Everyone’s On Board for a Moment of Silence Commemorating Munich 11, But Not the IOC

Almost every politician and public figure has signed on for the push to have a moment of silence at the opening ceremony of the Olympic Games. Everyone except the head of the IOC, that is.

Started by JCC Rockland, the petition for a moment of silence now has more than 100,000 signatures from around the world.

President Barack Obama, Secretary of State Hillary Clinton, Israeli Deputy Foreign Minister Danny Ayalon, Republican presidential candidate Mitt Romney, the U.S. Senate, the German Bundestag, the Canadian and Australian parliaments, Australia Prime Minister Julia Gillard, 50 members of the British Parliament and many more have voiced their opinion that the opening ceremony should have a moment of silence to commemorate the 11 Israeli Olympic athletes who were murdered at the 1972 Games.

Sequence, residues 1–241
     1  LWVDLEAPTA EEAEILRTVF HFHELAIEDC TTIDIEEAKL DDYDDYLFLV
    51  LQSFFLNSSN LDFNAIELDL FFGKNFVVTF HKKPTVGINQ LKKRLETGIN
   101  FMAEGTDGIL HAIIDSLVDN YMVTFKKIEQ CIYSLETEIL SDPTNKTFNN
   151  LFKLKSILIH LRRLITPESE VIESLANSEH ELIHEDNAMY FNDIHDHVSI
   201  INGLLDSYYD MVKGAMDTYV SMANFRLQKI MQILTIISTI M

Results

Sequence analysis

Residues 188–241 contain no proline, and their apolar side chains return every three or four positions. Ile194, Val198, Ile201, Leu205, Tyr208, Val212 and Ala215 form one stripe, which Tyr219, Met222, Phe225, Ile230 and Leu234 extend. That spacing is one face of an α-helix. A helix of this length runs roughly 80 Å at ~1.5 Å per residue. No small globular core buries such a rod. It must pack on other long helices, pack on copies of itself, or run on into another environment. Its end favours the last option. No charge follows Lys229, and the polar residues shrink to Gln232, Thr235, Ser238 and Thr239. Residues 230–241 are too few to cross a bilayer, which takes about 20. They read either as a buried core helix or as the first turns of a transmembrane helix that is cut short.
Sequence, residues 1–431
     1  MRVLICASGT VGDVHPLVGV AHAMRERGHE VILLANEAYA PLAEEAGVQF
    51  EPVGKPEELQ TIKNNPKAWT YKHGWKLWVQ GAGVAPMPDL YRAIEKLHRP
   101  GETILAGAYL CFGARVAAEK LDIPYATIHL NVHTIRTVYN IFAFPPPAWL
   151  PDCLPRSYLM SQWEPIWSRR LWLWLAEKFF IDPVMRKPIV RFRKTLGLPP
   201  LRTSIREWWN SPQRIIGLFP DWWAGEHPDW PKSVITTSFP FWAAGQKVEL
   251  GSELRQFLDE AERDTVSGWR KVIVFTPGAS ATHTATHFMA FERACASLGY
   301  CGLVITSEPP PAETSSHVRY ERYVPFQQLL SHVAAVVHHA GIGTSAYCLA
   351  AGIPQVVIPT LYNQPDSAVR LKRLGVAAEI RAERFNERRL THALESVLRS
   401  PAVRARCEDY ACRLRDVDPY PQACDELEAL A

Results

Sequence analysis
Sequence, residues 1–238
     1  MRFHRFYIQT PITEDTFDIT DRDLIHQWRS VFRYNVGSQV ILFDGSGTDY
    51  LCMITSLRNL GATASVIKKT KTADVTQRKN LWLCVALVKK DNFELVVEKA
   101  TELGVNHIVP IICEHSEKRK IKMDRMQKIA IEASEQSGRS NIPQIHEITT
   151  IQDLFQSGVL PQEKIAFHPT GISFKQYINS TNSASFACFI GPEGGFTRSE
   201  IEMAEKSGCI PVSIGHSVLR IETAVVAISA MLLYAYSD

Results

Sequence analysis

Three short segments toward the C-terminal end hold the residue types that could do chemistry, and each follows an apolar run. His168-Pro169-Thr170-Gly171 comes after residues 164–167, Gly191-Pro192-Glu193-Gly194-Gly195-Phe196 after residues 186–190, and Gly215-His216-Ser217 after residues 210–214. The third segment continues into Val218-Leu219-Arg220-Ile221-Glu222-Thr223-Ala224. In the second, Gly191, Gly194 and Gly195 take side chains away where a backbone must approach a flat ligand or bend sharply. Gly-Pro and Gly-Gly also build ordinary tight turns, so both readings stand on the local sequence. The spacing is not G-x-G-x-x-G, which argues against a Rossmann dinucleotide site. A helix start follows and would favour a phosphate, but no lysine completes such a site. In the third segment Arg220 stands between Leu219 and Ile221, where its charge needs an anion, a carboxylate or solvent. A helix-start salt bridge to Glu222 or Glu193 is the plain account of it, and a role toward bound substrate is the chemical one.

Forty years ago, a terrorist group called Black September kidnapped 11 Israeli athletes and coaches participating in the Olympics. There was a botched rescue attempt and they were all murdered.

Nonetheless, IOC President Jacques Rogge has decided against honoring them at the London Olympics this year. He claims that it would not be appropriate at the opening ceremony, but that he will honor them at other events where he feels it is more appropriate.

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